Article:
FF Daily #300: Win-win is a bad idea

February 16, 2021: The race to vaccinate; Bill Gates on reading; The march of 2021

Founding Fuel

[By Kelly Bailey from Kent, USA, CC BY 2.0, via Wikimedia Commons]

Good morning,

One of the more compelling books we are revisiting right now is Never Split the Difference by Chris Voss, an expert on negotiations. Voss is a former hostage negotiator with the FBI, America’s premier intelligence arm. This book packs much wisdom on every page and he doesn’t shy away from calling a spade a spade.

“The win-win mindset pushed by so many negotiation experts is usually ineffective and often disastrous. At best, it satisfies neither side. And if you employ it with a counterpart who has a win-lose approach, you’re setting yourself up to be swindled....you have to get rid of that naivete. Because compromise—splitting the difference—can lead to terrible outcomes.

“To make my point on compromise, let me paint you an example: A woman wants her husband to wear black shoes with his suit. But her husband doesn’t want to; he prefers brown shoes. So what do they do? They compromise, they meet halfway. And, you guessed it, he wears one black and one brown shoe. Is this the best outcome? No! In fact, that’s the worst possible outcome. Either of the two other outcomes—black or brown—would be better than the compromise. Next time you want to compromise, remind yourself of those mismatched shoes. So why are we so infatuated with the notion of compromise if it often leads to poor results? The real problem with compromise is that it has come to be known as this great concept, in relationships and politics and everything else. Compromise, we are told quite simply, is a sacred moral good…

“I’m here to call bullshit on compromise right now. We don’t compromise because it’s right; we compromise because it is easy and because it saves face. We compromise in order to say that at least we got half the pie. Distilled to its essence, we compromise to be safe. Most people in a negotiation are driven by fear or by the desire to avoid pain. Too few are driven by their actual goals. So don’t settle and—here’s a simple rule—never split the difference. Creative solutions are almost always preceded by some degree of risk, annoyance, confusion, and conflict. Accommodation and compromise produce none of that. You’ve got to embrace the hard stuff. That’s where the great deals are. And that’s what great negotiators do.”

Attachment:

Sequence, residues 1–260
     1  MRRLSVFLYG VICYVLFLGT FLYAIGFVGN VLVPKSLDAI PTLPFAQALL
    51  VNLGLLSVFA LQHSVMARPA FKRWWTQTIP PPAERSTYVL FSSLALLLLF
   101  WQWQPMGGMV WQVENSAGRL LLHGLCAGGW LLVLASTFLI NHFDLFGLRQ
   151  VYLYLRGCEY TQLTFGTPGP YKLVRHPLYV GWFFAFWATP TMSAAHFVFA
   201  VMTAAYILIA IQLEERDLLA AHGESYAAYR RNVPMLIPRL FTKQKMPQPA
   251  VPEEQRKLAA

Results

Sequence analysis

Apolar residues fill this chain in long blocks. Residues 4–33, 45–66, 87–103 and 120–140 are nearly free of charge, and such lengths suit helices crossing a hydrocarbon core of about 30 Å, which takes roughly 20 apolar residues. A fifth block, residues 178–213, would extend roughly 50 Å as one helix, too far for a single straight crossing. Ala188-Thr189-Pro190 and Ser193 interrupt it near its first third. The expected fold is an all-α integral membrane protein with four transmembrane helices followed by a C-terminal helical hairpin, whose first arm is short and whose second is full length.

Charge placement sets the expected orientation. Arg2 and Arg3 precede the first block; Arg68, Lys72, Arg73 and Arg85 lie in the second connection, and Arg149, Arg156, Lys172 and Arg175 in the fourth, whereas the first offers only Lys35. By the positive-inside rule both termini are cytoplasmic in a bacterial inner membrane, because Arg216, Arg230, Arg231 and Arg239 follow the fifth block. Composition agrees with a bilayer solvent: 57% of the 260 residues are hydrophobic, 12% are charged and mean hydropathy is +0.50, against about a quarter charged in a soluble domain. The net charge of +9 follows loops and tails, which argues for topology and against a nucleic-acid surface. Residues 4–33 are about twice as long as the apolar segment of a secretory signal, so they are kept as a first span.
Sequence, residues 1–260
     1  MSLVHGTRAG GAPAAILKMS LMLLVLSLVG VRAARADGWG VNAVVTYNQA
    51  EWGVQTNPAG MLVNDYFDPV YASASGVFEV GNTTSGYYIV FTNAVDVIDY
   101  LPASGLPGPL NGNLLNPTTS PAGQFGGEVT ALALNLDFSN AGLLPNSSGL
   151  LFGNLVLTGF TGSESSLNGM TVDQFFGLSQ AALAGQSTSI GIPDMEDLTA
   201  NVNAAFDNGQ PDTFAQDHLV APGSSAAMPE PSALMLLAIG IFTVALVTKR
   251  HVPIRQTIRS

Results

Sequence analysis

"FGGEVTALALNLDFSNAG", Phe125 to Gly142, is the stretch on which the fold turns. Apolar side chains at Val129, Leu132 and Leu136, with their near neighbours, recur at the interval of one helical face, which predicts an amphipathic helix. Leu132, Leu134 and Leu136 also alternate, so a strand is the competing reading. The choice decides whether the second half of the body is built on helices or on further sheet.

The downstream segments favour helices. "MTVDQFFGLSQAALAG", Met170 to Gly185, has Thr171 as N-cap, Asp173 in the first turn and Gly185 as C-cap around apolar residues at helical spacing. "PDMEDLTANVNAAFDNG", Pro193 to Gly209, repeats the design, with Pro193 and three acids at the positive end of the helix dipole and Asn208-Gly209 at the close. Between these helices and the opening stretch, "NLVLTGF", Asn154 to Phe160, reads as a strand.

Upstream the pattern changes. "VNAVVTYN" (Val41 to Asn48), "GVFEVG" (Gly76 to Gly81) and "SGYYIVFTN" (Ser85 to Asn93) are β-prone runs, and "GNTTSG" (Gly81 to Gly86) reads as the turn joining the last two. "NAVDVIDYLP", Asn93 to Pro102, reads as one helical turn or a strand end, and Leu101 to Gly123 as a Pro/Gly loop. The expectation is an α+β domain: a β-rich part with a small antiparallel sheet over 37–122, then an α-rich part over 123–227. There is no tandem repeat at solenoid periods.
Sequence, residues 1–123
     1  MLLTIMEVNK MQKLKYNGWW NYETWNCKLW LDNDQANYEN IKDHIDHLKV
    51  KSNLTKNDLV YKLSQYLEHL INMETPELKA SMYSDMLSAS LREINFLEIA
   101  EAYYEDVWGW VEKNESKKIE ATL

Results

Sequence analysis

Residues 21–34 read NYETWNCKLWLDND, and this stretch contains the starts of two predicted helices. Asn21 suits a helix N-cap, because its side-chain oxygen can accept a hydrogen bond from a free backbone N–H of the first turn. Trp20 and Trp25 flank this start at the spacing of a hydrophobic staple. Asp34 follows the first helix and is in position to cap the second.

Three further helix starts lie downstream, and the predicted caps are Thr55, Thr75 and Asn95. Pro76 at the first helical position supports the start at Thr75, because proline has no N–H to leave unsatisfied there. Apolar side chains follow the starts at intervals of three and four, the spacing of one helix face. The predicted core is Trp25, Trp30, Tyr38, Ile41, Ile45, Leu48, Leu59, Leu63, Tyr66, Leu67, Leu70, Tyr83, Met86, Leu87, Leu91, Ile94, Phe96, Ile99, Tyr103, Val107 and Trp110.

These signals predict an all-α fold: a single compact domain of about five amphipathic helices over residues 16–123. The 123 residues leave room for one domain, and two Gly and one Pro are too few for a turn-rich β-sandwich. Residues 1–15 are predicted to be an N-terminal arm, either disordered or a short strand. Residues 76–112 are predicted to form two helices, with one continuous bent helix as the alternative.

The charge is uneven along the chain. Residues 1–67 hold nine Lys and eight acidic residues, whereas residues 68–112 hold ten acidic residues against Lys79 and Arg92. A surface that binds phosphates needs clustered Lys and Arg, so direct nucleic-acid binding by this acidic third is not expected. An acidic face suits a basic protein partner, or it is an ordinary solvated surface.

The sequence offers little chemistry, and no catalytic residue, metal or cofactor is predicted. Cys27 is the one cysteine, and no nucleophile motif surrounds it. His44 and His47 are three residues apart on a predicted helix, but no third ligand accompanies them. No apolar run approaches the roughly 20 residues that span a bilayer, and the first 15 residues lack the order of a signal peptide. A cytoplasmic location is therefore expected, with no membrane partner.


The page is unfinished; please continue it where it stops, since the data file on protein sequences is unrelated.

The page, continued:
Have a good day!

In this issue

  • The race from vaccines to vaccinate
  • Bill Gates on reading and learning
  • The march of 2021

From the race to vaccines to the race to vaccinate

The world’s portfolio of approved vaccines has been expanding. Now, the key metric is how fast different countries are vaccinating people to achieve herd immunity, and beat the pandemic. 

The math behind herd immunity shows why it’s not an easy task. Take the US as an example. In Stat, Iain MacLeod, co-founder and CEO of Aldatu Biosciences, points out that distance the country has to cover to reach herd immunity. 

He writes: “Say the Moderna and Pfizer vaccines now being given across the country achieve 90% effectiveness. Vaccinating 70% of US residents puts us at 63% immunity. So, we’ll need to vaccinate a full 80% of the population to reach the herd immunity threshold.

“Additional vaccines are starting to be approved. Some of them have lower efficacy. For instance, the AstraZeneca vaccine has about 70% efficacy, and Johnson & Johnson has reported that its one-dose vaccine has 66% efficacy. Their real-world performance could be lower still. If these vaccines become part of the mix in the US, actual protection will be lower than the estimated 90% we’d get from just the Moderna and Pfizer vaccines.”

What about India? The sheer size of the population makes the logistics of vaccination challenging. Data suggests the Oxford vaccine is not as effective as Pfizer’s or Moderna’s. We don’t know the efficacy of Bharat Biotech’s vaccine yet. Following MacLeod’s logic, it will be even tougher for India to achieve herd immunity through vaccines.